See “The Filter Bubble.” (Feb. 2011 TED talk)
Yahoo is trying to spark random acts of kindness around the world through the 600 million people who are part of the Yahoo “community.”
They ask people to visit kindness.yahoo.com and post online status messages describing their good deeds, inspiring others to reciprocate and amplify their actions.
They call their effort “You In?” since they encourage those doing good deeds to add this to the end of their posts. For example, “I just dropped off a coat from my closet at a homeless shelter, You In?” or “I paid the toll fee for the car behind me, You In?” The messages appear in that poster’s Yahoo! status and can be shared via social networks such as Facebook, Twitter, and MySpace. Visitors can also see an interactive global map on the campaign’s website at kindness.yahoo.com.
Given that the effort encourages altruism, it is ironic that Yahoo! seeded the program by giving $100 to early participants.
Nick Christakis and James Fowler in their book Connected have an interesting experiment to test altruism and the “pay it forward” concept. But for example, in an experiment they conducted of “paying it forward”, 120 individuals who didn’t know each other were paired off for five rounds of cooperation games involving groups of 4 people each. They never encountered the same individuals. Individuals could decide how how much to share of an initial pile of money and then all groups were told what others had done, the individuals were reshuffled into new groups 4 more times and this process was repeated. They found that for every extra dollar that a person (call him/her A) gave in round one to members of A’s group (call them B), those Bs gave twenty cents more in round 2 to their new groups (we’ll call these individuals C). Then the C individuals each gave five cents more in round three. This was true even though it was not reciprocity since B’s generosity was to new strangers as was C’s, since the groups were reshuffled. Since each B individual and C joined three new individuals in the next round, there was a multiplicative impact of A’s generosity of $1.00 to generate an additional $1.05 of generosity in future rounds. Here the multiplier was restrained by the survey design that had groups of 4, but in principle it is possible that a higher multiplier might be found depending on the group size.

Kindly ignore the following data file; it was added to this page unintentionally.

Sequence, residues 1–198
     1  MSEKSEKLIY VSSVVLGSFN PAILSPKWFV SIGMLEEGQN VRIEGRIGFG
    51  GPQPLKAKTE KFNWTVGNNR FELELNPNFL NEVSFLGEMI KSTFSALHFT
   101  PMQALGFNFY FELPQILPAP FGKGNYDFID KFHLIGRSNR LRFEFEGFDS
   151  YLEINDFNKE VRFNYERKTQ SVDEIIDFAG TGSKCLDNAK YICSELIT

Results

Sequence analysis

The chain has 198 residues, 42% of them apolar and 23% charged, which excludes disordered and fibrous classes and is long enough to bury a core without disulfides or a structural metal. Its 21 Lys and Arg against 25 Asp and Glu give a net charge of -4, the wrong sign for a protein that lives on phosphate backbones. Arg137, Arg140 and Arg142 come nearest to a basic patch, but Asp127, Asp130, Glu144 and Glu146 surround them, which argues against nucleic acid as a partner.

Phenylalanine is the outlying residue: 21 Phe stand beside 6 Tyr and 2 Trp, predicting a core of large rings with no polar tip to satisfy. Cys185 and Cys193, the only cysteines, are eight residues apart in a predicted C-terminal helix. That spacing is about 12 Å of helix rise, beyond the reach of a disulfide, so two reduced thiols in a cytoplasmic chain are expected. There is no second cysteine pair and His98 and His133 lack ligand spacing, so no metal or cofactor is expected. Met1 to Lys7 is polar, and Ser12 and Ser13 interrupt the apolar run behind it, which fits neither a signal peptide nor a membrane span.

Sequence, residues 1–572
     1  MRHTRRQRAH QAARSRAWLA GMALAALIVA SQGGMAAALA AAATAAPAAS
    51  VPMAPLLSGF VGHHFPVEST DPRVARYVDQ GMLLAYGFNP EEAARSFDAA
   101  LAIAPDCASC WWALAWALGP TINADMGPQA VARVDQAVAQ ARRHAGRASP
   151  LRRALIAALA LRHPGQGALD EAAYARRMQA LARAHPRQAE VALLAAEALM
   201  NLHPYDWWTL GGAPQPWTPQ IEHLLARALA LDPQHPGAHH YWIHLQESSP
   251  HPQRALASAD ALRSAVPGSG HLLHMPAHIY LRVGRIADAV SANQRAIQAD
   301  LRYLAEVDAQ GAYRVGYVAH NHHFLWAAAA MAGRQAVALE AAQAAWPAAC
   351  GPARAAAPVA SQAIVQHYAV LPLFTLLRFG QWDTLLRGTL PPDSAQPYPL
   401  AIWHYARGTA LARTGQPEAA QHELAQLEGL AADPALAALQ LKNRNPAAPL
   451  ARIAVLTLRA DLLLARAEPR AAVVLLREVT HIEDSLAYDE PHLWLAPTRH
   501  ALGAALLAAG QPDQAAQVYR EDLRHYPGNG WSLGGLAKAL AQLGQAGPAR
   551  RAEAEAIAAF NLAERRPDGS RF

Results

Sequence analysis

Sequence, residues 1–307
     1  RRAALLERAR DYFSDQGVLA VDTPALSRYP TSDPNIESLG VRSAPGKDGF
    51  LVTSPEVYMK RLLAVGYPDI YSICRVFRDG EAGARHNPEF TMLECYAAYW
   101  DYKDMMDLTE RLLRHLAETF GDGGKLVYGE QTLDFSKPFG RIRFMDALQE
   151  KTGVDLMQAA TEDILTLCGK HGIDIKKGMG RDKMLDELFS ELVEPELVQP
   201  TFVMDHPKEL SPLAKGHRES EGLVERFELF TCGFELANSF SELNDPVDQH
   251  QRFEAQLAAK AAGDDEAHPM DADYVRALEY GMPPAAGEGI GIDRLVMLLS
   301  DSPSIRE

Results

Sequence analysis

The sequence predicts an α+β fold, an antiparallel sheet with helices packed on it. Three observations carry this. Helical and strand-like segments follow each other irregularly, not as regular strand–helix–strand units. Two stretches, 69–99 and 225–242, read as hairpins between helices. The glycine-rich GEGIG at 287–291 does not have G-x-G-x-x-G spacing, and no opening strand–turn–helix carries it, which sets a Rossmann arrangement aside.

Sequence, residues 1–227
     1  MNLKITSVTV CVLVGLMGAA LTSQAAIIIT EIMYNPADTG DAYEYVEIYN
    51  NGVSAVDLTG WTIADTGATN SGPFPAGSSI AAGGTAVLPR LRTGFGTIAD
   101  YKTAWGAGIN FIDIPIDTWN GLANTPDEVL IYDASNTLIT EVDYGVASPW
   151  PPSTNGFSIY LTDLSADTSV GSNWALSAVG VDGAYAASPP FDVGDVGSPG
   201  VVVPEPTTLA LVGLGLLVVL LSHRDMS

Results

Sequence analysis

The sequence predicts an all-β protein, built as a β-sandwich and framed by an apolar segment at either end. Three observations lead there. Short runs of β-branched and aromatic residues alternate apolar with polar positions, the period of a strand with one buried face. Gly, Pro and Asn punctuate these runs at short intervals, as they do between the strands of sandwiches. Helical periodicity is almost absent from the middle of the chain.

Notable Acts of Kindness under the Yahoo! effort:
– “I traded in a $100 bill for 100 one-dollar bills and wrote a note on each that read: ‘Please take this dollar bill, add one dollar bill, and pass it on.’”
– “I helped an 85-year-old neighbor bring her Xmas decorations down from the rafters — all 12 boxes!”
– “I helped an elderly lady carry her groceries to her car.”
– “I am baking Christmas cakes to share with friends in need of help.”
– “I dropped off supplies at the local Humane Society and at the local women’s shelter.”